Urethral Prolapse and Neoplasia in Dogs

Overview of Canine Urethral Prolapse and Neoplasia

Urethral prolapse describes the protrusion of the lining of the distal or tail end portion of the urethra through the external urethral opening. Urethral neoplasia is cancer of the urethra. Urethral prolapse and neoplasia are most common in dogs, especially English bulldogs and Boston terriers, and most often affects young to middle aged male dogs.

The prolapsed urethra is a red or purple, swollen, doughnut-shaped mass protruding from the distal end of the penis. Urethral cancer most often affects middle aged to older female dogs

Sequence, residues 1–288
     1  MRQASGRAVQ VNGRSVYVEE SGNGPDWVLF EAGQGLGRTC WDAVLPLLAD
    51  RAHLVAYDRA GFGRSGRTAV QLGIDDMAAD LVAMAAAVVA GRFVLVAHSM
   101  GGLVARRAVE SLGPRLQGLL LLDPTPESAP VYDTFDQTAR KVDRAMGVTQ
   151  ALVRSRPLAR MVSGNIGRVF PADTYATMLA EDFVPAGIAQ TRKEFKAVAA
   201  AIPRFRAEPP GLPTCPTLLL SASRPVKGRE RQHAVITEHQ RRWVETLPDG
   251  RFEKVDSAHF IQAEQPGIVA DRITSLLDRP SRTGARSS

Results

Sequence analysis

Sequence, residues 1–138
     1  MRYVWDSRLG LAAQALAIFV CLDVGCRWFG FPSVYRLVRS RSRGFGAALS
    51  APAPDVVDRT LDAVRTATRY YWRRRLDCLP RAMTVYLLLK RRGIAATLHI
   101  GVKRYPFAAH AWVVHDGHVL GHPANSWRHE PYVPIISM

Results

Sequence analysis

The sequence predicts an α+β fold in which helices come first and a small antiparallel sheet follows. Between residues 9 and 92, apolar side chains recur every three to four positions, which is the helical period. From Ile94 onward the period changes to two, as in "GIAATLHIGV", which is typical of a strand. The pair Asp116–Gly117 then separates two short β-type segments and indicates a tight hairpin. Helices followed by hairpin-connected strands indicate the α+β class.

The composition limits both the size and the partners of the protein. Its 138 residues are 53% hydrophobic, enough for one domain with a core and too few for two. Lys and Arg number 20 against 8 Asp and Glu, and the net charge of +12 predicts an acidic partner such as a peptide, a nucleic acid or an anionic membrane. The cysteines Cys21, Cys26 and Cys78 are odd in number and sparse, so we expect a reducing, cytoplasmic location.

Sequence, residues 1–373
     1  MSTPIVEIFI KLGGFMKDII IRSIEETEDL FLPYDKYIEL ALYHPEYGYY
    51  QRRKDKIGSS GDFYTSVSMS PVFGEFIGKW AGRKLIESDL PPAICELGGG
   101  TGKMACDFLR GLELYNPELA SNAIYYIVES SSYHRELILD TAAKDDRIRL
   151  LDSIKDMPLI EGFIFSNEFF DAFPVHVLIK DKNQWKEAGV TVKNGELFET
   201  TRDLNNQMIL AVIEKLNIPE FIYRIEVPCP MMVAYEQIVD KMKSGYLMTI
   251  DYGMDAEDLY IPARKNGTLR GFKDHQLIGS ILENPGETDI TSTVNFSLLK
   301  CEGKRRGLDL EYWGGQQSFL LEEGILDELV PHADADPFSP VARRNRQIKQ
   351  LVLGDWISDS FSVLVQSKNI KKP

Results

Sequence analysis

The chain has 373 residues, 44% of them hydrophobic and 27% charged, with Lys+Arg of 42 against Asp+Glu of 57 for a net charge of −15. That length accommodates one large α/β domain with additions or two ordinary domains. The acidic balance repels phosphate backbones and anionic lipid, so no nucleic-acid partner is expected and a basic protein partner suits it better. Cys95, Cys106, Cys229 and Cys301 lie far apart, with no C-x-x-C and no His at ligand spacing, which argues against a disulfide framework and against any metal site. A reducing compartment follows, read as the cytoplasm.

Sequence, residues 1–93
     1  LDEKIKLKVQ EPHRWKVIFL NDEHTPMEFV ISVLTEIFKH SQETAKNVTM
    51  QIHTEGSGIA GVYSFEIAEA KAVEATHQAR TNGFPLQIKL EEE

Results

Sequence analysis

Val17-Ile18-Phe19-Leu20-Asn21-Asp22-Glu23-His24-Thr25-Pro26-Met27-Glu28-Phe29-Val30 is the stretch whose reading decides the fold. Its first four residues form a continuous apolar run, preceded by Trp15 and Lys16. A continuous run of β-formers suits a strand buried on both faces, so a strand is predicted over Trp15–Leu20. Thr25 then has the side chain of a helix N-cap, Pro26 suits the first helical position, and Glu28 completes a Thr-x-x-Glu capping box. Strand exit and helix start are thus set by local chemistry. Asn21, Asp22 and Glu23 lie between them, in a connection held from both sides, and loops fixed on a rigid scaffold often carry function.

Causes of Urethral Prolapse in Dogs

Causes of Neoplasia in Dogs

What to Watch For

Signs of urethral prolapse and neoplasia in dogs may include:

Diagnosis of Urethral Prolapse and Neoplasia in Dogs

Additional diagnostic tests specifically for urethral neoplasia include:

Treatment for Urethral Prolapse in dogs

Treatment for Urethral Neoplasia in Dogs

Home Care and Prevention

Monitor your dog’s ability to urinate and administer all medication as directed by your veterinarian. Return for follow-up as directed.

Limit your male dog’s exposure to female dogs or situations that predispose to penile erections. Addressing underlying causes at once may help prevent urethral prolapse.